Solome Lemma – the Ethiopian writer and activist – points to the “dis-empowering and reductive narrative” at the heart of the campaign: “Invisible Children narrative on Uganda is one that paints the people as victims, lacking agency, voice, will, or power. It calls upon an external cadre of American students to liberate them by removing the bad guy who is causing their suffering. Well, this is a misrepresentation of the reality on the ground. Fortunately, there are plenty of examples of child and youth advocates who have been fighting to address the very issues at the heart of IC’s work. Want evidence? In addition to [the Concerned Parents Association and the Concerned Children and Youth Association], also look at Art for Children, Friends of Orphans, and Children Chance International. It doesn’t quite match the victim narrative, does it? I understand that IC is a US-based organization working to change US policy. But, it doesn’t absolve it from the responsibility of telling a more complete story, one that shows the challenges and trials alongside the strength, resilience, and transformational work of affected communities.” Give to any of these charities if you really want to help.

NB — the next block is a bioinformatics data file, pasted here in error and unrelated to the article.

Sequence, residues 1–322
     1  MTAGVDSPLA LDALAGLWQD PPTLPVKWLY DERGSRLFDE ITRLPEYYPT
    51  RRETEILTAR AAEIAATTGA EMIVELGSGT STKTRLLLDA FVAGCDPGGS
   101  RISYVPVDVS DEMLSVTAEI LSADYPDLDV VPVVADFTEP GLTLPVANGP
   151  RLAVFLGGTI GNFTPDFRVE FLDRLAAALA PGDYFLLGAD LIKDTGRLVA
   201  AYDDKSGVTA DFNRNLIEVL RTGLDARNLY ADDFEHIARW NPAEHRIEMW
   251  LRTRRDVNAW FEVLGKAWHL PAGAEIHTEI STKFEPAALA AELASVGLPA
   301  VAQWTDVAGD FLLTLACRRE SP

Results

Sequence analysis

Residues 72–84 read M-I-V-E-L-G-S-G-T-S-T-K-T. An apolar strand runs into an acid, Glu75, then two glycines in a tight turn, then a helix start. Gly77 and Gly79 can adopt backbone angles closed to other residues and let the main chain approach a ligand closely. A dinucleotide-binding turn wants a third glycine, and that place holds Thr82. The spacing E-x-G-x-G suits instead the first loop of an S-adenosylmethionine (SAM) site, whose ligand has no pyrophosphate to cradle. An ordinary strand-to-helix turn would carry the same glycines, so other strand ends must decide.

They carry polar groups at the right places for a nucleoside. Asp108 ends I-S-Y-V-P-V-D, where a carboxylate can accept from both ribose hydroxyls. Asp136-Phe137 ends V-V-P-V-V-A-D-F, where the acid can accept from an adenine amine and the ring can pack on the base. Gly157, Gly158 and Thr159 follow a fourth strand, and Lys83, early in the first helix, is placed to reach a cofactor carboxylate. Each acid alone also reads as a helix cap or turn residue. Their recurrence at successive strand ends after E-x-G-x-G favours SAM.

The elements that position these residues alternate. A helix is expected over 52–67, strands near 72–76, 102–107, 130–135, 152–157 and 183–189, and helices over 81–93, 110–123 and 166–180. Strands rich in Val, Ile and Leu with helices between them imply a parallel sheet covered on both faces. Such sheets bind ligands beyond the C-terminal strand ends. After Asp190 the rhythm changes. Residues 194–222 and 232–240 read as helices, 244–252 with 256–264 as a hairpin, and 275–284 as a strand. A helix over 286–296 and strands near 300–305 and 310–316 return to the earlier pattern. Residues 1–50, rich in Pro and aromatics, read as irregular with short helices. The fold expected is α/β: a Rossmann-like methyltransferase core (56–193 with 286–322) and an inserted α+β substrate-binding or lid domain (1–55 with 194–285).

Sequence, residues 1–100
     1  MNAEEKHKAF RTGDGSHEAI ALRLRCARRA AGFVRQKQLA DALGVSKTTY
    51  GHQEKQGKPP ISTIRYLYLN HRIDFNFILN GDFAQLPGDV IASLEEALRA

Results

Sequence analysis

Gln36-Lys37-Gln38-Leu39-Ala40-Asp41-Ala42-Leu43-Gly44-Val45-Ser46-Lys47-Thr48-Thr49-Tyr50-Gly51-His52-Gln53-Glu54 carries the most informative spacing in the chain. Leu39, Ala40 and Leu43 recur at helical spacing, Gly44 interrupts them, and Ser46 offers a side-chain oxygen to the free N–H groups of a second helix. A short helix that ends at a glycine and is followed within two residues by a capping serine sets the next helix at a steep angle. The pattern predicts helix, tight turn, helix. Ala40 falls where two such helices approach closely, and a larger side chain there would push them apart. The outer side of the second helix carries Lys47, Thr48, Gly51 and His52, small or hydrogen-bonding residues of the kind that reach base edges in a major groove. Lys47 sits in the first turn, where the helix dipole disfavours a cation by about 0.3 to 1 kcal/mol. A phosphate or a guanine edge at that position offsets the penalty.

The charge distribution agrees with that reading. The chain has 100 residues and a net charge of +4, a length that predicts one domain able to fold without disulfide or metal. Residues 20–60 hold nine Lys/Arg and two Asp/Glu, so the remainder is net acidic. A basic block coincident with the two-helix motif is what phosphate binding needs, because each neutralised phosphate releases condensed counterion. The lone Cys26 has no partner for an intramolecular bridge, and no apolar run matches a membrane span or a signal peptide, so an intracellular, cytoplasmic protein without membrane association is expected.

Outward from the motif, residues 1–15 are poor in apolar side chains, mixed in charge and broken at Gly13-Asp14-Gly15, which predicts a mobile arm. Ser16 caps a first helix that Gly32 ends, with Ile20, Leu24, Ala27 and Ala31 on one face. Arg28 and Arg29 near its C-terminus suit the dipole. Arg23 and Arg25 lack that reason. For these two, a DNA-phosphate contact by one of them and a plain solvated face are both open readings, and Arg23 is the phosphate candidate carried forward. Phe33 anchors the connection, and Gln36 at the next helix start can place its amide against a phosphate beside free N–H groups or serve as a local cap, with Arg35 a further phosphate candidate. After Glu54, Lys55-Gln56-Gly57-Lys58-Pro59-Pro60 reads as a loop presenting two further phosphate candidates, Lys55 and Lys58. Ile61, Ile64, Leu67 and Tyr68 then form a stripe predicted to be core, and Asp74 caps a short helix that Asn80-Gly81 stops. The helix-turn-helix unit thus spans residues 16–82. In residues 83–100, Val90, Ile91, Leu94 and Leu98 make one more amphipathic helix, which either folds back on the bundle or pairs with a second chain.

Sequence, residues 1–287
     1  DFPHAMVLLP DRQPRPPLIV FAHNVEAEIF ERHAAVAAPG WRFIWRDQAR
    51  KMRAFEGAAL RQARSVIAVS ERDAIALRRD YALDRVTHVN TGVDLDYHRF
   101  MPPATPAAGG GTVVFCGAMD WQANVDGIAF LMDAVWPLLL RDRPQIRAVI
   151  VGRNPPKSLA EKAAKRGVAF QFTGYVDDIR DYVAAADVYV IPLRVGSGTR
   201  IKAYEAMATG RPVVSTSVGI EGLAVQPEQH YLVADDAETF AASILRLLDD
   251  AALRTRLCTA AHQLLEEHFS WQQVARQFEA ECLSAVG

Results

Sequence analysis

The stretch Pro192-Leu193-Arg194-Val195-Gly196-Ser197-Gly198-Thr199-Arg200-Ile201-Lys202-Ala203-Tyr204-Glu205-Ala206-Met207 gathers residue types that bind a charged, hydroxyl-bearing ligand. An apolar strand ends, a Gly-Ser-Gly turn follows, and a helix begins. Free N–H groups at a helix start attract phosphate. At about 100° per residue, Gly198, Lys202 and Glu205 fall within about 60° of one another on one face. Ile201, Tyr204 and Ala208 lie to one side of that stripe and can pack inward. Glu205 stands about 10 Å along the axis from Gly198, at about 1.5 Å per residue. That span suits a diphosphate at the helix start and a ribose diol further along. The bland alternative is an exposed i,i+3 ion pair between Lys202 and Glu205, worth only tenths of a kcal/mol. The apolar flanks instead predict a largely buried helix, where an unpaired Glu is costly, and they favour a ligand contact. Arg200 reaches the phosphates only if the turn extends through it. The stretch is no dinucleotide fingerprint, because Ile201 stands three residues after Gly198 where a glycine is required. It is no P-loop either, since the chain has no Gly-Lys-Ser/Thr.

Musa Okwonga, a writer, poet and musician of Ugandan descent, in his op-ed for The Independent admits to “being perturbed by [Invisible Children’s] apparent top-down prescriptiveness, when so much diligent work is already being done at Northern Uganda’s grassroots. On the other hand, I am very happy – relieved, more than anything – that Invisible Children have raised worldwide awareness of this issue … Watching the video, though, I was concerned at the simplicity of the approach that Invisible Children seemed to have taken.”